http://www.cherokeephoenix.orgCierra Fields
Cierra Fields

Fields alleges teacher criticism over Pledge of Allegiance

Reporter – @cp_sguthrie
03/08/2017 12:00 PM
FORT GIBSON, Okla. – Cherokee Nation citizen Cierra Fields said that on Feb. 28, during her first day of the trimester at Fort Gibson High School, a teacher criticized her for not standing up or partaking in the Pledge of Allegiance.

“I sit down for the Pledge of Allegiance, as I do not believe in it, do not say it,” she said. “After this my teacher was like, “You know Cierra, we stand during the pledge in this class.’”

An article on names the teacher as Missy Parisotto. According to the school’s facility page, a Melissa Parisotto is listed as a teacher.

Fields said the teacher had her step outside of the classroom, into a location that’s separated by a divider, and told her why it’s important that she stand for the pledge.

“She went on the very long rant about how her father missed the first year of her life because he served in Vietnam, and then her husband was active duty in Afghanistan when she had four little ones at home that she had to raise on her own because he was fighting for this country and everything, and that I’m disrespecting them and I’m disrespecting her,” Fields said. “I kind of butted in there and said, ‘you realize I come from a military family. My father served for 10 years,’ and she questioned that and she was like, ‘then you’re disrespecting your father.’ By me not standing I was disrespecting my father, and I was being unpatriotic and everything. I tried telling her my father is actually the one who told me it is my choice to stand or not to pledge.”

Rick Fields, Cierra’s father, said he’s taught his daughter about the U.S. Constitution and the importance of her right to chose.

“The biggest issue, the flag is but a symbol. What is really important is the Constitution of the United States and the values that are embedded within the Constitution. It’s more important to uphold the Constitution than to focus on something like the flag,” he said. “The Supreme Court has ruled you can burn a flag, you can trample the flag, you can do pretty much whatever you want to do to the flag under freedom of speech. It’s also ruled that the right to not stand and recite the pledge is freedom of speech and that is protected. I did not serve 10 years in the military to have forced patriotism for my child. My child can decide what she feels is right and wrong.”

Cierra said the teacher told her that she would not have Cierra “disrespecting” her family and that “there’s an online course” she could take. Cierra said she then asked to see Principal Gary Sparks.

Cierra said Sparks later informed the teacher that Cierra had the right to sit during the pledge.

Sparks said both Parisotto and Cierra have their own stories of the situation.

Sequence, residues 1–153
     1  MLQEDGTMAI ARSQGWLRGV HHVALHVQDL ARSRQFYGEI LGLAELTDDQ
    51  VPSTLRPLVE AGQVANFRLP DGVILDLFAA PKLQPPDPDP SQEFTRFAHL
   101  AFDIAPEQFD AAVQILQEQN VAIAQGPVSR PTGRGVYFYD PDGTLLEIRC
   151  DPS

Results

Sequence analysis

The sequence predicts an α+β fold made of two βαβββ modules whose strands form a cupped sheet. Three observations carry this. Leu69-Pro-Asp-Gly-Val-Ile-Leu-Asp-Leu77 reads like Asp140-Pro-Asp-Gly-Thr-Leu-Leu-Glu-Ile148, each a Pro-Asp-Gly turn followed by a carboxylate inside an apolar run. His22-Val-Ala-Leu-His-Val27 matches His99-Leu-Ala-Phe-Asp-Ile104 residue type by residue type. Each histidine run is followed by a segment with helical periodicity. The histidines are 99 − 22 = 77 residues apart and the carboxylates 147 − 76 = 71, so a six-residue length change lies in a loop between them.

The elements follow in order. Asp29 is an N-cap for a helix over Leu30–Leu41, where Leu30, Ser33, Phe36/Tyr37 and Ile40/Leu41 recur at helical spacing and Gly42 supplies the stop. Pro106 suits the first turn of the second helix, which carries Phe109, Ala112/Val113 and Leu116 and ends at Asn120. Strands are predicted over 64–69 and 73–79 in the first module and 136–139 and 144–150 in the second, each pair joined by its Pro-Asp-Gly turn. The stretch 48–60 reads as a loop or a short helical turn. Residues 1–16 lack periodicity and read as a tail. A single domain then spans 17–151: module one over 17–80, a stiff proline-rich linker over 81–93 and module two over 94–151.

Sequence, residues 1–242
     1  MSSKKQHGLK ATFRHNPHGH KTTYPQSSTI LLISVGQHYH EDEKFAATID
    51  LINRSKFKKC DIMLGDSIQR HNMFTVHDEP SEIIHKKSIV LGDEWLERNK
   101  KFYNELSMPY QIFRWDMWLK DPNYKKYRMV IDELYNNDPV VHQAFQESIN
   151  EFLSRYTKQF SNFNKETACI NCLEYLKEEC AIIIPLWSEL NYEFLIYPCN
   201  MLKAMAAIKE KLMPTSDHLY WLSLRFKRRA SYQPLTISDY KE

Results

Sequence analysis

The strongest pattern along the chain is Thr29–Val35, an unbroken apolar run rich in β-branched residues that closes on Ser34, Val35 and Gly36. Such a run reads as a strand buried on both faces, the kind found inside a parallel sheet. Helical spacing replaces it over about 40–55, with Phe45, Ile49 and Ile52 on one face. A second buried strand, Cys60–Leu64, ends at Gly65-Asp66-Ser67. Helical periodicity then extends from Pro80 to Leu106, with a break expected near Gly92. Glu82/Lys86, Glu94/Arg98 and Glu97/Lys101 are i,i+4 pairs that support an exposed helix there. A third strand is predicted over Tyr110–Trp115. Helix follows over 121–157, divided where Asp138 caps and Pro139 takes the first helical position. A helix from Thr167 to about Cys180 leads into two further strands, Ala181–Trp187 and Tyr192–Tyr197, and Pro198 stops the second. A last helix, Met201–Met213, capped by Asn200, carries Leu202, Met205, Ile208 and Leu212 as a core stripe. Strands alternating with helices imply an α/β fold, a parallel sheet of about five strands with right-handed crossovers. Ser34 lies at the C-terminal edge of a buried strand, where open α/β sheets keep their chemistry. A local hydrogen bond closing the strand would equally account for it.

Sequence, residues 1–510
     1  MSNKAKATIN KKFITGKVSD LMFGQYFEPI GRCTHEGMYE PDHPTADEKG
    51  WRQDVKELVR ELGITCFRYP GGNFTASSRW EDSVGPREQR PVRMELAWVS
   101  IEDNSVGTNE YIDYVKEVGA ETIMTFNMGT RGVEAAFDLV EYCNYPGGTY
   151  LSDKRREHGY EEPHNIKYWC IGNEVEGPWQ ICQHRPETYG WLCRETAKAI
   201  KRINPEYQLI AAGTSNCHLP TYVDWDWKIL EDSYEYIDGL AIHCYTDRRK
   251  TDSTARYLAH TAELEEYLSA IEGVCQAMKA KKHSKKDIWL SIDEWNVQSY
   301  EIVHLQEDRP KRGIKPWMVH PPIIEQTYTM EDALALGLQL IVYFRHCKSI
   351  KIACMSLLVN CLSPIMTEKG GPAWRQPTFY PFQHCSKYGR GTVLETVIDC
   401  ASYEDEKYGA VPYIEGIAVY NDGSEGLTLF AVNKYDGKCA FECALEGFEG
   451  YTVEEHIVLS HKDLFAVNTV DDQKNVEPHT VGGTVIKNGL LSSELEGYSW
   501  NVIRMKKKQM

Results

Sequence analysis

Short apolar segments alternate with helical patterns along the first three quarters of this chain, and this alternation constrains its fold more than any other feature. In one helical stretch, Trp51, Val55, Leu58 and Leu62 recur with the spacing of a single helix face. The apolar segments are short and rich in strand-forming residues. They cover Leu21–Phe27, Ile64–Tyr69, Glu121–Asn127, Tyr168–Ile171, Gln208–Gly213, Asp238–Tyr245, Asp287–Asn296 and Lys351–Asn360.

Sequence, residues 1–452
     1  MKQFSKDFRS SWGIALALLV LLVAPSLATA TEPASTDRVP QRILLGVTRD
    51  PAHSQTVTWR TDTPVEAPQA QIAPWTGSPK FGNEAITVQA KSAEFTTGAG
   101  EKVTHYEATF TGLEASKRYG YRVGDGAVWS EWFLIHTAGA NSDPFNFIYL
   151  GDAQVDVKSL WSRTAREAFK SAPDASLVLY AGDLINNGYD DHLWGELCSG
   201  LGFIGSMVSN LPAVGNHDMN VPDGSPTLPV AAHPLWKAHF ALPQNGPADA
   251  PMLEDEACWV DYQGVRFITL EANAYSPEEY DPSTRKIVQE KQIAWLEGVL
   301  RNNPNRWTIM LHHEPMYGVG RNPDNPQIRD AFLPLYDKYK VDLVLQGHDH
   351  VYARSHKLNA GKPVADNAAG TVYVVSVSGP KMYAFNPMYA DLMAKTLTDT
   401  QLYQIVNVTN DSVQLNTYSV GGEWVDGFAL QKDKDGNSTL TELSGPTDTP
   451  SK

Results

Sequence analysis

“Basically they both have a story on it, and we followed up with both of them. We have to come to a consensus on that. I will say that this teacher’s a very upstanding lady and have had zero problems with her in the past,” he said.

Superintendent Derald Glover said the school has had students not stand for the pledge before.

“The teachers have asked them privately, respectfully, you know one-on-one, and then called the parents to find out if it’s OK with them and the parents have said, ‘no, we would like them to stand.’ If the teacher’s not aware, then they’ll ask them,” Glover said. “We also respect the First Amendment rights. It’s OK to ask a student why, and it’s kind of a teaching moment to ask why, get the answer and if it’s a reasonable reason. Now if the student had no reason to stand, they were just going to be disrespectful, then I think that’s another issue.”

Cierra said all she and her parents want is an apology, which as of publication had not received.

“We gave them three days where we said, ‘we just want an apology. That’s it.’ They refused. They defended her and called her a nice lady. So we said, ‘fine.’ We filed a formal complaint with the ACLU (American Civil Liberties Union) about this. We just wanted an apology. If she just questioned why I sat it would have been fine. She started out with, ‘we stand in my classroom,’ which you can’t say, that it’s against the law, breaks the Constitution and is against the Supreme Court ruling (West Virginia State Board of Education v. Barnette).”

The U.S. Supreme Court in 1943 ruled that the Free Speech Clause of the First Amendment to the U.S. Constitution protected students from being forced to salute the American flag and say the Pledge of Allegiance in school.

Sparks said an “apology” would be between the student and teacher.

“That’s between the student and the teacher because they’re the one that actually had the exchange,” he said.

Cierra said while representing the CN at certain events she does stand, just not when it’s representing herself such as in class.

“At events where I represent Cherokee Nation or veteran events and stuff like that I do stand. I get it then. When it’s just me, myself and I at Fort Gibson or something like that I’m not going to stand because I’m just representing myself,” she said. “Up until this point, most of this year I had one teacher who just wanted to know why I don’t stand. I explained it and she left it at that. Had a few kids ask and that was that.”

The Cherokee Phoenix attempted to contact Parisotto for comment but did not receive a response as of publication.


06/16/2018 02:00 PM